The Brisk Evolution of Name, Image and Likeness (NIL) Rights

sports-NIL-1188462138-300x200Developments in the world of name, image and likeness (NIL) rights continue to occur at an extremely swift pace.

Within the last two weeks, Virginia amended its existing NIL laws to significantly strengthen student-athlete NIL rights, and the NCAA adopted new NIL rules designed to allow schools to support student-athlete NIL endeavors. The NCAA also relaxed the NIL disclosure requirement adopted in January and announced it had selected Teamworks Innovations to build and maintain its NIL database.

NCAA Rule Adoption and Amendment
On April 22, 2024, the NCAA Division I Board of Directors ratified NIL rule changes which the NCAA framed as “allow[ing] schools to provide assistance in supporting [NIL] activities[.]Effective immediately, schools are permitted to assist student-athletes in identifying and entering into NIL agreements with third parties. The student-athletes, however, must control the terms of the agreements. Existing prohibitions on pay-for-play and direct payments from schools to players remain in force.

The NCAA also amended the NIL rules it adopted in January 2024. Newly created Bylaw 22.2.1 obligated student-athletes to report to their schools within 30 days about any NIL agreement worth $600 or more. The amendment appears to have eliminated the requirement for student-athletes to disclose such agreements and instead encourages disclosure by offering increased NIL-related support from their schools. Beginning August 1, 2024, schools will only be “permitted to increase NIL-related support” for “student-athletes who disclose their NIL agreements.” (Pillsbury examined the impact of the NCAA’s adoption of NIL legislation in January here.)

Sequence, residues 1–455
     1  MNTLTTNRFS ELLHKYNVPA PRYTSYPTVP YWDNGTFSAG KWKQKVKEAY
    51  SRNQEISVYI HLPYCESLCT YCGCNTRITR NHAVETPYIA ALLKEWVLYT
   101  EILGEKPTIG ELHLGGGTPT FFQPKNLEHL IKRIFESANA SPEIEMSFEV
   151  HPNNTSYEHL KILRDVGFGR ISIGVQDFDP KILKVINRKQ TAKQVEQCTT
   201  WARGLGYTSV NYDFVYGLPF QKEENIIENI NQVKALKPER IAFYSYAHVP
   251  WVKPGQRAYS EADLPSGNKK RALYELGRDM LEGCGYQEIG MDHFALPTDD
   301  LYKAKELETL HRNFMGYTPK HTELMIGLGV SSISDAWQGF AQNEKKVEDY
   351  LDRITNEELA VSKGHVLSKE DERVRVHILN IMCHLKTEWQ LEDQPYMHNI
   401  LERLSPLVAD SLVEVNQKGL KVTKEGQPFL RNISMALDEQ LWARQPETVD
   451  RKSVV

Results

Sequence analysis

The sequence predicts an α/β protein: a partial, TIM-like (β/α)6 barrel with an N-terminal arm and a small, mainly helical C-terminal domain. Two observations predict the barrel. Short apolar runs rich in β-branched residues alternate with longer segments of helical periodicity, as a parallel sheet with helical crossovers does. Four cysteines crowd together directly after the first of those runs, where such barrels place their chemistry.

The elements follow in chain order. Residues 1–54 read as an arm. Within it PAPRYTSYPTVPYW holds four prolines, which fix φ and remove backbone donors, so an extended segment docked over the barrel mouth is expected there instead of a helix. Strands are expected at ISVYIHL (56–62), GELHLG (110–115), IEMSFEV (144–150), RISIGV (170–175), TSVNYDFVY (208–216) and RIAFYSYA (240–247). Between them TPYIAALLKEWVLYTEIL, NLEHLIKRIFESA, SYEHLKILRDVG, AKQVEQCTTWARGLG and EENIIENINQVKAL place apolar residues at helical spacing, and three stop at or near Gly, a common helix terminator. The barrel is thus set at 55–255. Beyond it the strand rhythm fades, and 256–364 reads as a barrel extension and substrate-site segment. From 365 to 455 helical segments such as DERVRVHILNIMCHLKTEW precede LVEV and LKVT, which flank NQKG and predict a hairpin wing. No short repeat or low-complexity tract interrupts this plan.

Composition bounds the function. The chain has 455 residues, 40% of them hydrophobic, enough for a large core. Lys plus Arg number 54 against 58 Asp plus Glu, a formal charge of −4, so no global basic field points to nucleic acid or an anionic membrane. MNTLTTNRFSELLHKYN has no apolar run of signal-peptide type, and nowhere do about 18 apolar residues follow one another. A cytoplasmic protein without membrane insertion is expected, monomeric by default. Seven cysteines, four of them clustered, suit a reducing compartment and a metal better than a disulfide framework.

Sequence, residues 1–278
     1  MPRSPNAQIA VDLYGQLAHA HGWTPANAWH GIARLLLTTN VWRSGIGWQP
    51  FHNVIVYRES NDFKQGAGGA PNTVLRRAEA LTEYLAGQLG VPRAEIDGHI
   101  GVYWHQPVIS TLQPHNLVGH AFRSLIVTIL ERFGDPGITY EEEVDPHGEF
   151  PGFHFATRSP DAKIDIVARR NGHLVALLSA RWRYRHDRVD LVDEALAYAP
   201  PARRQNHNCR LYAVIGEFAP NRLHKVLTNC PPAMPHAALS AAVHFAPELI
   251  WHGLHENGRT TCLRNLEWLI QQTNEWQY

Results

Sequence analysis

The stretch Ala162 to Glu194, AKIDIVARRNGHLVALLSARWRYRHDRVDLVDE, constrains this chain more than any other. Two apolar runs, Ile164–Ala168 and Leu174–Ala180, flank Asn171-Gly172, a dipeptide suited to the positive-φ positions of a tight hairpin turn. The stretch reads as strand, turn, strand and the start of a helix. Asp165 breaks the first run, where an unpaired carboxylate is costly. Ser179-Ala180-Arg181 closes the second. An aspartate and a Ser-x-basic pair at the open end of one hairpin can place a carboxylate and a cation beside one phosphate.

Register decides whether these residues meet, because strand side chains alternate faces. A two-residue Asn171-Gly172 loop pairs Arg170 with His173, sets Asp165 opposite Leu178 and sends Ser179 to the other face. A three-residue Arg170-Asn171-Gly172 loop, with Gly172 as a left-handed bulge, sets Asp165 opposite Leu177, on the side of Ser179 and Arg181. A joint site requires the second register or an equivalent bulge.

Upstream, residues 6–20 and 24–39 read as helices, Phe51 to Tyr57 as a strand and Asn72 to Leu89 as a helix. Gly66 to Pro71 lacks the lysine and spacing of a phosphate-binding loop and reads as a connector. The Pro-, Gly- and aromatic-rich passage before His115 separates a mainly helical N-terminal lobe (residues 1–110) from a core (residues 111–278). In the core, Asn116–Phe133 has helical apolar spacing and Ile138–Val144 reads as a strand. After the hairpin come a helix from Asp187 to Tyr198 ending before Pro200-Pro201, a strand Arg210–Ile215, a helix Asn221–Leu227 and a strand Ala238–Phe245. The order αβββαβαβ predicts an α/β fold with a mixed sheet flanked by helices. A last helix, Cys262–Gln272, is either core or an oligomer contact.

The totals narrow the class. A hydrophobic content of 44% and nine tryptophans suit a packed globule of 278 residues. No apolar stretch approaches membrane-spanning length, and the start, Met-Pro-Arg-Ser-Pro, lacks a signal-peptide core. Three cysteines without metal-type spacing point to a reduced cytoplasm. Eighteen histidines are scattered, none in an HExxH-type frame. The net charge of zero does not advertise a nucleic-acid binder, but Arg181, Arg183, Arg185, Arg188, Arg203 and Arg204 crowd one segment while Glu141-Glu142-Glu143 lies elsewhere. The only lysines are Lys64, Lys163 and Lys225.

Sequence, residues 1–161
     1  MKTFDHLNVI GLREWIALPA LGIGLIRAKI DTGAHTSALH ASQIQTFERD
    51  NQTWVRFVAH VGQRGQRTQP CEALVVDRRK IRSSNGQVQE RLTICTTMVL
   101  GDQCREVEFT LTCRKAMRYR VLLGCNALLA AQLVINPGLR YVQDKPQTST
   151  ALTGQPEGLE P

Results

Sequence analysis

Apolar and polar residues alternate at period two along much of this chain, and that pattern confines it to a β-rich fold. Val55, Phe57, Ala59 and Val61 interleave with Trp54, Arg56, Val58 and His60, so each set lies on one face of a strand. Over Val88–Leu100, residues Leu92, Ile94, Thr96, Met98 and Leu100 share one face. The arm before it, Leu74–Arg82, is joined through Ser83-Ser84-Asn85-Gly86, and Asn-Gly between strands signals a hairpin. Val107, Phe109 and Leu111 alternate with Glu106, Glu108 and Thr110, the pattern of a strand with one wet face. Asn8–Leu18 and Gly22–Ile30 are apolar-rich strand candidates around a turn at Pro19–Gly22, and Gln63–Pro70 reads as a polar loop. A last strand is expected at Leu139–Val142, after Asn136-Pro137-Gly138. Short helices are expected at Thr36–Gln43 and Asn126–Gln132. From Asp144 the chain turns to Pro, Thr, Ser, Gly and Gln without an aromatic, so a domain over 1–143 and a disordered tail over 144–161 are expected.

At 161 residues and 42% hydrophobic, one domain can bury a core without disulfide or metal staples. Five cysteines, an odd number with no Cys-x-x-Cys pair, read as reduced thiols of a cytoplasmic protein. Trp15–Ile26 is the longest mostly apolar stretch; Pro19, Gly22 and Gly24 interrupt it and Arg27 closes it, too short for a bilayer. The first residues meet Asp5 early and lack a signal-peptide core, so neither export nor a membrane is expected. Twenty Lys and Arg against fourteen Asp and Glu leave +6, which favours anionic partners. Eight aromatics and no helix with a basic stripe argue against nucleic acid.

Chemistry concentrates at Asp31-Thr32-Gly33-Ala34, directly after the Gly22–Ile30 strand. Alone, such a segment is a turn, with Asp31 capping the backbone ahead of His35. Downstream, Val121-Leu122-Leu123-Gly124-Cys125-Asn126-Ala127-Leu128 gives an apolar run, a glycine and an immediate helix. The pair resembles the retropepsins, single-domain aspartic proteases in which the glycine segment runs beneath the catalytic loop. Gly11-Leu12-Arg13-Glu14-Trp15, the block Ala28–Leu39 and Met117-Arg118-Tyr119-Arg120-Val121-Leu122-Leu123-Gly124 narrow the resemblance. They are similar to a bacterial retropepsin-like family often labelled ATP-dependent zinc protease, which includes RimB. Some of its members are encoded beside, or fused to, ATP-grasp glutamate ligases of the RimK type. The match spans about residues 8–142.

The NCAA also announced on April 25, 2024, that it had selected software company Teamworks Innovations to develop and run the NCAA’s repository of voluntary NIL disclosure data. This data will be made accessible to NCAA Division I member institutions and student-athletes. The idea of developing an NIL data repository is several years old. However, the selection of Teamworks dovetails with the NCAA’s recent adoption and now amending of NIL legislation containing data disclosure provisions.

Virginia Amends, Strengthens Existing NIL Legislation
Separately, in the area of state legal developments, Virginia governor Glenn Youngkin signed into law amendments to the state’s existing NIL legislation. These changes go further than any other existing law in protecting the rights of student-athletes to earn NIL compensation. Beginning on July 1, 2024, Virginia law will:

  1. Allow schools to directly enter into NIL agreements with student-athletes;
  2. Allow schools to provide “assets, resources, or benefits” as “an incentive” to third parties that “support” NIL opportunities for the school’s student-athletes;
  3. Prohibit the NCAA, schools and conferences from investigating and punishing schools and student-athletes for engaging in defined NIL activities;
  4. Prohibit schools, the NCAA or athletic conferences from (i) barring a student-athlete from earning NIL compensation or (ii) engaging an agent for such activities; and
  5. Continue to preclude the creation of employment status based on NIL activities.

Thirty-six states (and the District of Columbia) have passed some form of NIL legislation. Virginia’s amendment to existing legislation goes further than any other jurisdiction in terms of protecting the NIL rights of student-athletes and restricting the ability of voluntary organizations to prohibit or curtail those rights.

UVA Director of Athletics Carla Williams praised the amended law as “provid[ing] much needed and practical flexibility,” but noted that UVA had not “made any decisions about which provisions within the law [UVA will] actually activate” and that the school will “continue to support Cav Futures,” the school’s official NIL collective. Her counterpart at Christopher Newport University, Kyle McMullin, similarly noted that the “law will give us new flexibility in the future to support our students[.]” And Wood Selig, the Director of Athletics at Old Dominion University, stated that ODU will “continue to do business as we have for the last year or so,” working with the school’s two collectives.

House Bill 1505, which amends § 23-408.1 of the Code of Virginia, can be viewed here.